Sarah-Jane Bradfield and Zamuxolo Matiwana journey to find out about current water situation in GrahamstownDate Released: Mon, 8 December 2014 14:00 +0200
When Mr Peter Ellis of MBB Consulting Engineers invited Matiwana and Bradfield for a brief tour of Grahamstown’s bulk water supplies, in order to see for ourselves and understand what has happened since the water crisis in 2013, we grabbed the opportunity with both hands.
On the chilly morning of 10 October, keeping a watchful eye on the heavy clouds rolling in over the hills, we climbed into Mr Ellis’ white bakkie and criss-crossed the City on dusty dirt roads in search of evidence for a better future.
After winding our way out of town towards Port Elizabeth we took a brief detour on a short bumpy road that led us to the Waainek Water Treatment Works, where we witnessed the first of many interventions that have been undertaken since 2013 to improve the City’s ailing water infrastructure. Our first piece of evidence – a rusted decaying valve that has been replaced close to the main gate. Ellis heads a team tasked with overseeing the water reticulation system throughout the City, managing water leaks, pressure, and overseeing the repairs of leaks of broken pipes.
The huge water losses which result from excessive leakages across the city’s aged infrastructure are thought to account for as much as 30% of the water losses, and we believe all residents of Grahamstown/Makana will benefit from every resident taking responsibility and reporting leaks to the Municipality. Ellis’ team is doing a sterling job that will only be bolstered by residents joining in the fun, a strategy that will go a long way to saving money that is spent on chemicals to treat our waste that travels from Waainek Water Treatment Works to our households.
Testament to the gargantuan efforts displayed by the many individuals involved in the upgrading and restructuring of the City’s infrastructure, Makana Municipality employees Mr Andile Heleni and Mr Themba Hewana were hard at work in the Waainek control room recording their activities so their colleagues taking over from them at the end of their shift are up to speed.
The set-up runs on a 24 hr rotation system with four shifts per day (from 06:00 to 14:00, and 20:00 to 06:00), guaranteeing that there are always people on duty should disaster strike. Even if it doesn’t, it’s a full time job.
Mr Heleni took us for a brief tour at Waainek and his responsibilities include monitoring the water levels of the dams, treating water and monitoring the levels of E.Coli. He also told us about the importance of keeping the dam water level high.
We didn’t envy their tasks – a commitment to ensuring the availability of water is required for this work and we appreciate their efforts to ensure that we have access to water.
Mr Ellis explained the purpose of the two big-screen sized computers which line the front walls – to modernise the water monitoring system. Whereas in the past there was no way of knowing the levels of any of the City’s dams without physically performing a water level test, the highly automated communications process of the telemetry system allows measurements to be made and data collected at remote or inaccessible points and transmitted to receiving equipment for monitoring. This has been a game-changer.
The system allows an automated reading of flow rate, litres per second and volume.
From the control room we jump back in the bakkie, our clothes and faces slightly damp from the sheets of rain now settling into the hills, and traverse up the hill to encounter further evidence of the work being done to ensure sustained access to water. Parking in the shrubbery on Waainek hill overlooking Rhodes University and the rest of the City, Ellis tells us how fortunate Grahamstonians are to be receiving this upgrade, a perk not afforded to many other places in South Africa despite having the ailing infrastructure in common.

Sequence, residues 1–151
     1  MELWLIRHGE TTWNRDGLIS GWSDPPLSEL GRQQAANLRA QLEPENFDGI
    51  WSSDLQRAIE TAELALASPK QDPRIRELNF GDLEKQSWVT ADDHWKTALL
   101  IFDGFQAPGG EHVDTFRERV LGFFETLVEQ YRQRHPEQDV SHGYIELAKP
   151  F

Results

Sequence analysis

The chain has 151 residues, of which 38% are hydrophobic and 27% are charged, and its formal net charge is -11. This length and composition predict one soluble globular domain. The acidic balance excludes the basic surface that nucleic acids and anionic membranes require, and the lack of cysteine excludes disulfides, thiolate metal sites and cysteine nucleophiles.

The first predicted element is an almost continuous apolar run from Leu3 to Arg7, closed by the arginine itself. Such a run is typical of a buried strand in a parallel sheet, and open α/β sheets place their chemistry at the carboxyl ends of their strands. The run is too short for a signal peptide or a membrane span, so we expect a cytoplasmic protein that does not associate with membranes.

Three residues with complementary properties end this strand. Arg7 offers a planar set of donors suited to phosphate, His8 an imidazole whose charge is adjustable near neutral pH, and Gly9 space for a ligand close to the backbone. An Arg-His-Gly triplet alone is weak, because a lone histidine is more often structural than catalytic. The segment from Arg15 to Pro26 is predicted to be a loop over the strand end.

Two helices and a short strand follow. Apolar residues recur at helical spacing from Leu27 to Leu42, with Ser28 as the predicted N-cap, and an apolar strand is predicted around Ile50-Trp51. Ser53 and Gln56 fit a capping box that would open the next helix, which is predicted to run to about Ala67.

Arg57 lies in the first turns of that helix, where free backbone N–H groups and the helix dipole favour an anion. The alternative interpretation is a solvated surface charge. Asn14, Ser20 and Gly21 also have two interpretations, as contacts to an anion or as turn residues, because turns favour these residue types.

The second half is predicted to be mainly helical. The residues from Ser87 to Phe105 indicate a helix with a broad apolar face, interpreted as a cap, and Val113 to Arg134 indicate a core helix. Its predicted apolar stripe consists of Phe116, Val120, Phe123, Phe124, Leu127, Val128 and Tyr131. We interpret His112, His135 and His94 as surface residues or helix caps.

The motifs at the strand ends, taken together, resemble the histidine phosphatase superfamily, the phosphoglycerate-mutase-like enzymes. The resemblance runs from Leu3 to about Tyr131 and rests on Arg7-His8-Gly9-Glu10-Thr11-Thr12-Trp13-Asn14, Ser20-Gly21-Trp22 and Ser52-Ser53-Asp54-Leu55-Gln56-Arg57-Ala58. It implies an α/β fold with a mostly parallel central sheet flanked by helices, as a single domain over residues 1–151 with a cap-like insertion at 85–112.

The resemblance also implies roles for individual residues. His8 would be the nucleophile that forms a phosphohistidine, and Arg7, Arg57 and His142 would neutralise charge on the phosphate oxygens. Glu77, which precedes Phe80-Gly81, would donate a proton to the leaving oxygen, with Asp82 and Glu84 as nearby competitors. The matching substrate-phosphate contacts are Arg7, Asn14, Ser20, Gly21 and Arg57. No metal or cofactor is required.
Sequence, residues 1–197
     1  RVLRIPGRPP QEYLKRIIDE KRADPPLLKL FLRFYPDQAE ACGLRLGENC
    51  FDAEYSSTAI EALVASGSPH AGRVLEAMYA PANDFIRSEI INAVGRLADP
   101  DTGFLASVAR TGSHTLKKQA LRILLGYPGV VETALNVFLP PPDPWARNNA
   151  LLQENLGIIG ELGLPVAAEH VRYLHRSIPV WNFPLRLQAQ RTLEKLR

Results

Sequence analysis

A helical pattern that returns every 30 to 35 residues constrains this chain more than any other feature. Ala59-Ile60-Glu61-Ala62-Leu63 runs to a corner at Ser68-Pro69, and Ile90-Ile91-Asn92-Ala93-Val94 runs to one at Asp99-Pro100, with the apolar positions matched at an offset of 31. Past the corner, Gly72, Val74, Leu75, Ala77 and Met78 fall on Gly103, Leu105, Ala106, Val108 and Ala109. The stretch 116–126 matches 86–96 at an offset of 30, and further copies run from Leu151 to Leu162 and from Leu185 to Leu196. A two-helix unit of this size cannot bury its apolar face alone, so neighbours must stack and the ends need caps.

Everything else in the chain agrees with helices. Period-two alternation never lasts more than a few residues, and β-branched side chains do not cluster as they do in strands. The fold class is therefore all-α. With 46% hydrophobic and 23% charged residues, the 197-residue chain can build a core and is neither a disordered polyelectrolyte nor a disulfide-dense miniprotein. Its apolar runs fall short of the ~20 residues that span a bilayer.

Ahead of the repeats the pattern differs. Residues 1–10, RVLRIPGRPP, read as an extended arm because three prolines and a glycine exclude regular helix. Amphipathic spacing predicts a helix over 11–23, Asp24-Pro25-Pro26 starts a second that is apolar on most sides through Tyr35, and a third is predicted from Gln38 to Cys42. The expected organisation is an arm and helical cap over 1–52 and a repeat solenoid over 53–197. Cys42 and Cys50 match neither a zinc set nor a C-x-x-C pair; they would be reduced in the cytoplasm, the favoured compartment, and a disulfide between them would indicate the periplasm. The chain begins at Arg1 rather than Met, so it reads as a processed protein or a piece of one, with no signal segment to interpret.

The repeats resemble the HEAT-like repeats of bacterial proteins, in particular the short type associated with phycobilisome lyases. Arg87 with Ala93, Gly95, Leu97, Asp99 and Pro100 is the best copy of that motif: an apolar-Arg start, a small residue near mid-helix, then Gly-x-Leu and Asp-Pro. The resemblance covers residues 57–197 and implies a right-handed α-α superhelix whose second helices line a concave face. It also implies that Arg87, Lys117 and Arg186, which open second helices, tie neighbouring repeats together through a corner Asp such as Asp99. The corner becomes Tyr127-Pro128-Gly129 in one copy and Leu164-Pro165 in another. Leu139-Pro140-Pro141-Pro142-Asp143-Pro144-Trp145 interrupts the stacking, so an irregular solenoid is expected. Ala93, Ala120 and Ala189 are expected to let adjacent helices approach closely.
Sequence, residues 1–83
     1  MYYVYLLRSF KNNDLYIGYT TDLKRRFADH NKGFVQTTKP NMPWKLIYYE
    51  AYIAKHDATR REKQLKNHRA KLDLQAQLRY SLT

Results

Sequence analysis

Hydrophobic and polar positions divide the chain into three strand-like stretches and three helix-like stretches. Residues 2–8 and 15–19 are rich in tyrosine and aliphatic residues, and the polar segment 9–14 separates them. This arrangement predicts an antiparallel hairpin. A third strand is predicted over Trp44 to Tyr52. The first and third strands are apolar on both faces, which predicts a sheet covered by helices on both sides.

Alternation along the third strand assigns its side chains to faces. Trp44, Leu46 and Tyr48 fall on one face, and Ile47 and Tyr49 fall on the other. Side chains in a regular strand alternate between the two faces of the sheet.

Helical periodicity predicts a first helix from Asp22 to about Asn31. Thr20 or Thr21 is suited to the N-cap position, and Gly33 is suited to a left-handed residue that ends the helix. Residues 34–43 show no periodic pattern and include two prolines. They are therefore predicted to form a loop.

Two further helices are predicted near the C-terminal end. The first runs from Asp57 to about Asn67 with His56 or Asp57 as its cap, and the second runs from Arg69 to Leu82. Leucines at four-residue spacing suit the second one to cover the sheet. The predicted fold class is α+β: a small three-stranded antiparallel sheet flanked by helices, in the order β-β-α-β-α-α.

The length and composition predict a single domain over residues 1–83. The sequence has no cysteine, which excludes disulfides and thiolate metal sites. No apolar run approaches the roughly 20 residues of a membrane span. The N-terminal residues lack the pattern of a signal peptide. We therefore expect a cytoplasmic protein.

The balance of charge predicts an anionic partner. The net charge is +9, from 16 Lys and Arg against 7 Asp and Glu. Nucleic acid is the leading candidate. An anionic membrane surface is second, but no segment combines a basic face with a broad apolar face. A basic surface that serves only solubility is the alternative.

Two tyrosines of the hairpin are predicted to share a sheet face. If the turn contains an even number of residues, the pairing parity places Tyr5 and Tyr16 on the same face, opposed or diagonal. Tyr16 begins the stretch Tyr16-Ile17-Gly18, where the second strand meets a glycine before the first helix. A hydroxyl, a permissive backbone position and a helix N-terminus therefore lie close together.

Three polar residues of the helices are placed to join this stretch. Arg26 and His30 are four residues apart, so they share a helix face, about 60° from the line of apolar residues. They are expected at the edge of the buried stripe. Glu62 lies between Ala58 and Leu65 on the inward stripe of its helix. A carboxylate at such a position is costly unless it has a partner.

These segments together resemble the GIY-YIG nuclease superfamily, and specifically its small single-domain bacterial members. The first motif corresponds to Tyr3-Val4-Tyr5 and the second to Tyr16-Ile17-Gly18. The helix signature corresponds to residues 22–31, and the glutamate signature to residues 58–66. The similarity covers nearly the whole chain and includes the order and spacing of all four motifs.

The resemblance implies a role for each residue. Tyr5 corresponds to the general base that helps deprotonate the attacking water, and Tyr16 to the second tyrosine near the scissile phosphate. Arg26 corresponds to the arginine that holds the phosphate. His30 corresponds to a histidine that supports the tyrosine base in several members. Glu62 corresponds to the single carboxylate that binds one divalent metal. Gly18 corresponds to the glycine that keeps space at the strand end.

Looking out over the new residences we see the rusted, decaying infrastructure dotted around Waainek hill like forgotten treasure has been excavated and replaced with brand new equipment, which should set most Grahamstown residents’ minds at ease about the future of their water. Given the lack of infrastructural maps contractors have had to dig up areas on Waainek hill to locate pipes needing replacement, all of which has been documented for future ease.
The installation of a new power line to provide a back-up alternative supply is underway to our right, and new reservoirs have been built on Rhodes upper campus to assist with capacity. We also witness how our water moves – after being pumped in from Settlers dam, water moves to Howison’s Poort and then to Waainek, where it is treated and kept in various reservoirs and intermediate holding reservoirs before moving to the new reservoir situated on Rhodes University’s upper campus, feeding the lower industrial area and linking up to Bothas Hill reservoirs.
While the city’s water woes continue to attract widespread attention after extended outages and compromised water quality, we have witnessed a dedicated team of blue collar workers, experts and engineers whose efforts aimed at restructuring and upgrading the City’s ailing infrastructure will surely increase access to water for decades to come.
The decades of corrosion and degradation of metal pipelines, valves, and fixtures, caused by oxidation or chemical action and lack of maintenance, have come to an end, and a guided tour of Grahamstown’s bulk water supply is testament to a better future.
We would like to thank much Mr Ellis sincerely for the eye-opening tour. We look forward to the next installment which will see us completing the journey, with visits to Howisons Poort Dam and Glen Melville Dam.
Photo: Mr Peter Ellis of MBB Consulting Engineers
Source:Communications and Marketing